In Switzerland, nearly 68 percent of voters have approved new, tougher regulations for asylum-seekers. Critics say the new rules will make it harder for asylum-seekers to find refuge in the country.
The Swiss Television presenter confirms the results of the referendum. The new law requires all asylum-seekers to present identity papers within 48 hours of arriving in Switzerland, or face expulsion.
It also will lengthen the period of detention for people awaiting deportation to a maximum of two years, and will cut off financial aid to people whose claims are turned down.
Critics say the new regulations could make it harder for people with a legitimate claim of asylum to gain entry into Switzerland.
Ron Redmond is spokesman for the United Nations refugee agency.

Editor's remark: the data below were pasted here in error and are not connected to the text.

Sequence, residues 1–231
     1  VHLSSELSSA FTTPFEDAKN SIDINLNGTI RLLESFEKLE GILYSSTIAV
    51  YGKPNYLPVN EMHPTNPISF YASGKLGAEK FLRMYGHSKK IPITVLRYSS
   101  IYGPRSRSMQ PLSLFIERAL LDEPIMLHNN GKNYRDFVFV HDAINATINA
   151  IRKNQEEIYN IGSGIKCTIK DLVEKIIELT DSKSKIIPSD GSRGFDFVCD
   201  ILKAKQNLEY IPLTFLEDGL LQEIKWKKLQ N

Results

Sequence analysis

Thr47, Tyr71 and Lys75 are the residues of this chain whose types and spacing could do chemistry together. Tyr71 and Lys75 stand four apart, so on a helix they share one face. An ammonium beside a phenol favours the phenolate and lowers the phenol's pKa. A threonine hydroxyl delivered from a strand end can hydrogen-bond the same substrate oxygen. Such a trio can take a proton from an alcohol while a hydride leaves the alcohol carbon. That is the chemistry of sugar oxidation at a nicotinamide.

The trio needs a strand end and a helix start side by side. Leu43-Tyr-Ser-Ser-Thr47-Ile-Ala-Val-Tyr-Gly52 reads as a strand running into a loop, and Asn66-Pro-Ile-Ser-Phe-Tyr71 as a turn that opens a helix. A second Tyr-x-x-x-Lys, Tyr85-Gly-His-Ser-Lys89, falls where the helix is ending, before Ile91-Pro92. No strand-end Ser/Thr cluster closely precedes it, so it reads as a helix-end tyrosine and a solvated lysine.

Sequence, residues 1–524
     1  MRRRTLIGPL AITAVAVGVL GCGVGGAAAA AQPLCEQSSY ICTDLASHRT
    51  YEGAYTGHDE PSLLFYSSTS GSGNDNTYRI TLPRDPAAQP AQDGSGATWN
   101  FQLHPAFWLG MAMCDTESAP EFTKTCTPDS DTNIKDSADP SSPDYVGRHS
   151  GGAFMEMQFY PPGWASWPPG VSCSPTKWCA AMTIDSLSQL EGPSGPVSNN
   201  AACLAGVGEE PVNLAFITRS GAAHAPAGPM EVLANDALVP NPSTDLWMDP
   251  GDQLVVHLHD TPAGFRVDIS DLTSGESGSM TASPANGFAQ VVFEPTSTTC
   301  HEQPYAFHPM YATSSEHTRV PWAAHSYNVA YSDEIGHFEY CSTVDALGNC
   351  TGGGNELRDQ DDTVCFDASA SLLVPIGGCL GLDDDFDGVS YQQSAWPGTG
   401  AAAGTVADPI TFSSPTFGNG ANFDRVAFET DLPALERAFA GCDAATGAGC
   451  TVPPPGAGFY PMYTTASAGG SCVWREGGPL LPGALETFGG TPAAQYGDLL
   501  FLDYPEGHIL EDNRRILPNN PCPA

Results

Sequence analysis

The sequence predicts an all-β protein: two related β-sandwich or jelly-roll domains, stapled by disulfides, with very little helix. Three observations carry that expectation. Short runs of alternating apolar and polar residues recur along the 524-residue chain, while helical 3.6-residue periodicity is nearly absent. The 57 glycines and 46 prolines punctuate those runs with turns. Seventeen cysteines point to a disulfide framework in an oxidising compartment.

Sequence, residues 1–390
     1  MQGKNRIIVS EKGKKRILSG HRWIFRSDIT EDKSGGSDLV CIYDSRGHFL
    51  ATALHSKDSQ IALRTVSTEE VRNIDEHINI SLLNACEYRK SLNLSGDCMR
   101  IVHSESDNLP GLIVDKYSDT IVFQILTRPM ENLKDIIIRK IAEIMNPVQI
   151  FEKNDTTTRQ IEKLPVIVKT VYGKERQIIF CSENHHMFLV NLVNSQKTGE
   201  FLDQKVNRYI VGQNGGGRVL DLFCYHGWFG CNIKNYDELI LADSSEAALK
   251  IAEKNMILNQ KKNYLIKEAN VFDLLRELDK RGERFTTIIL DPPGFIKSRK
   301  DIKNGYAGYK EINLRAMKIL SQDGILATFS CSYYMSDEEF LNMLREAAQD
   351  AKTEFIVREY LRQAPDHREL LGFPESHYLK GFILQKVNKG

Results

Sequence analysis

"The right to seek and enjoy asylum is a universal human right, and we are concerned that some of the provisions in this could result in some deserving cases being denied access to international protection," said Ron Redmond.
The right-wing party that pushed for the new legislation says it is needed to prevent abuse of the asylum system and to crack down on bogus claims. They say it will not discriminate against genuine refugees.
Opponents disagree, and say some of the law's provisions are in breach of the 1951 refugee convention.
UN refugee agency spokesman Redmond says the 1951 Convention specifically acknowledges and provides for refugees who may have had to flee their country, without being able to obtain valid travel or identity documents.
"We should not forget that, people trying to enter a country without documentation may have valid reasons to do so," he said. "It is often not possible for people fleeing for their lives to obtain such documents."
He urged Swiss authorities to ensure that they comply with the convention.
Redmond notes that asylum applications in Switzerland have been falling steadily, and are now at their lowest level since 1987.
Switzerland's new law is among the strictest in Europe.